The half-written sample applications are in the subfolder: apps/. Your job is to fill these out.
The completed sample applications showing the solutions to the tutorial challenges are in the subfolder: projects/sel4-tutorials/solutions/.
- The slide presentations to guide you through the tutorials are in the following files:
projects/sel4-tutorials/docs/seL4-Overview.pdf: This is an overview of the design and thoughts behind SEL4, and we strongly recommend you read it before starting the tutorials.
projects/sel4-tutorials/docs/seL4Tutorial.pdf: This is the actual tutorial.
- Detailed explanations of each "TODO" challenge:
Move on to the CAmkES tutorial
Getting the CAmkES Tutorial source [Repo tool]
If you don't have Repo, scroll up and read the earlier sections on Repo, on this very page. Both the SEL4 tutorials and the CAmkES tutorials are synched from the same manifest repository, but they use different manifest .xml files and are separate projects.
mkdir camkes-tutorials-manifest cd camkes-tutorials-manifest repo init -u https://github.com/SEL4PROJ/sel4-tutorials-manifest -m camkes-tutorials.xml repo sync
Using the CAmkES tutorial
These tutorials work similarly to the SEL4 tutorials in that they are guided by a slide presentation. There are half-completed sample applications, with a set of slides giving instructions, with TODO challenges once again. There are also completed sample solutions.
There are however no detailed explanations of each TODO challenge for the CAmkES tutorials, as yet.
The half-written sample applications are in this folder: apps/.
The solutions can be found in this subfolder: projects/sel4-tutorials/solutions/.
The slide presentations to guide you through the tutorials are in this file: projects/sel4-tutorials/docs/CAmkESTutorial.pdf.
Get acquainted with SEL4Test
Any changes you make to SEL4 should pass the tests in SEL4 Test, and pull requests to SEL4 which are non-trivial or related only to documentation, should come with a matching pull request and new test (if applicable) to the SEL4Test repository as well.
Getting the SEL4 Test source code
If you don't have Repo, scroll up and read the earlier sections on Repo, on this very page.
mkdir seL4test cd seL4test repo init -u https://github.com/seL4/sel4test-manifest.git repo sync
We will now build seL4test for ia32, to run on the QEMU simulator.
This copies configs/ia32_simulation_release_xml_defconfig to ./.config, and sets up various header files.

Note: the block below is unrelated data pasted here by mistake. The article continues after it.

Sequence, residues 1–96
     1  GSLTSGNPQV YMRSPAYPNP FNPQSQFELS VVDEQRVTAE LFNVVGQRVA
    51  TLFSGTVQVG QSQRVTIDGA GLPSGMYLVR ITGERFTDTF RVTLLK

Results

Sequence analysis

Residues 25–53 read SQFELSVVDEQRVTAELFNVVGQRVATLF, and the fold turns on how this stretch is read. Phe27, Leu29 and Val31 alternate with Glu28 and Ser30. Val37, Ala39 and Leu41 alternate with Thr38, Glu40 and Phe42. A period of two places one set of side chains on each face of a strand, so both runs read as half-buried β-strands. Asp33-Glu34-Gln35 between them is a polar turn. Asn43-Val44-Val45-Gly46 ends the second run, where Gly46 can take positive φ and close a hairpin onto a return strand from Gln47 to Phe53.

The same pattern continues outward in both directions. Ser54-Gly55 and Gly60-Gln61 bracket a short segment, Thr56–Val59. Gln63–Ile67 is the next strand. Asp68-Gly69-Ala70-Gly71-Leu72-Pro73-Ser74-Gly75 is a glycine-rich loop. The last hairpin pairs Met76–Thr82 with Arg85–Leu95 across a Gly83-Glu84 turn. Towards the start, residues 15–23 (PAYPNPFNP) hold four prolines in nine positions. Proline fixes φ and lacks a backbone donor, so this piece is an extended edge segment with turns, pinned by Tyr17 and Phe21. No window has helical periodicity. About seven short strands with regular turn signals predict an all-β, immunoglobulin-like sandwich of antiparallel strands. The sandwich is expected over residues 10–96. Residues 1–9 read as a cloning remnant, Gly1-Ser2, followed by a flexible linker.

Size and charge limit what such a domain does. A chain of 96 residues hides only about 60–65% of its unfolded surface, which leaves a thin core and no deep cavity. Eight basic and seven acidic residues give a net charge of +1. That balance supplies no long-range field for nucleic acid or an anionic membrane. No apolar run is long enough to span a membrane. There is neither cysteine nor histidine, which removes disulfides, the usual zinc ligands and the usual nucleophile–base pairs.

You can look at the configuration options using
Alternatively you can use any text editor to change ./.config; if you change anything you need to rebuild header files with make oldconfig. It's advisable also to make clean to clear out anything already built — the build system does not track as many dependencies as it ought to.
For the ia32 target you should not have to change anything. For ARM targets you may need to change the cross-compiler prefix in the menuconfig under toolchain options
When you've configured the system, you can build by doing
Currently parallel builds do not work, so don't try to speed things up by using -j. The build system does however support ccache if you have it installed.
The makefile provides a target to simulate ia32. Running the following command will run qemu and point it towards the image we just built.
To exit qemu after the All is well in the universe message that indicates the test suite has passed, type control-a x.
Useful configuration options
For cross compilation (targeting ARM), you can set the cross compiler triple. This will typically be arm-linux-gnueabi- or arm-none-eabi-. Do make menuconfig and look for toolchain-options
Some of the default configurations specify a particular x86 compiler. It is usually safe to set the triple to the empty string when building for x86, if you have a multilib gcc installed.
Fiddling with most of the other configuration options will lead to systems that will either not compile, or not run.
kzm simulation hangs
qemu does not simulate all the timers needed for a full sel4 test run. Use the kzm_simulation_configurations to avoid tests that rely on unimplemented timers.
If you use arm-none-eabi compilers, the prebuilt libraries will fail to link, with a message something like
/usr/lib64/gcc/arm-none-eabi/4.8.1/../../../../arm-none-eabi/bin/ld: warning: /usr/src/seL4test/stage/arm/imx31/lib/libmuslc.a(internal.o) uses 32-bit enums yet the output is to use variable-size enums; use of enum values across objects may fail
To fix, do make menuconfig visit seL4 Libraries→Build musl C Library and untick libmuslc use precompiled archive then do make clean and attempt to rebuild.
hard float compilers
The default configuration on newer compilers from Debian and Ubuntu use hardware floating point. Binaries built with these compilers are incompatible with the prebuilt musl C library. You can either tweak the flags (in tools/common/Makefile.flags: add -mfloat-abi=soft to NK_CFLAGS) or disable the use of the prebuilt libraries as above.
Each project has an associated wiki, accessible via github, that has up-to-date dependencies and instructions. The general instructions here apply to all projects.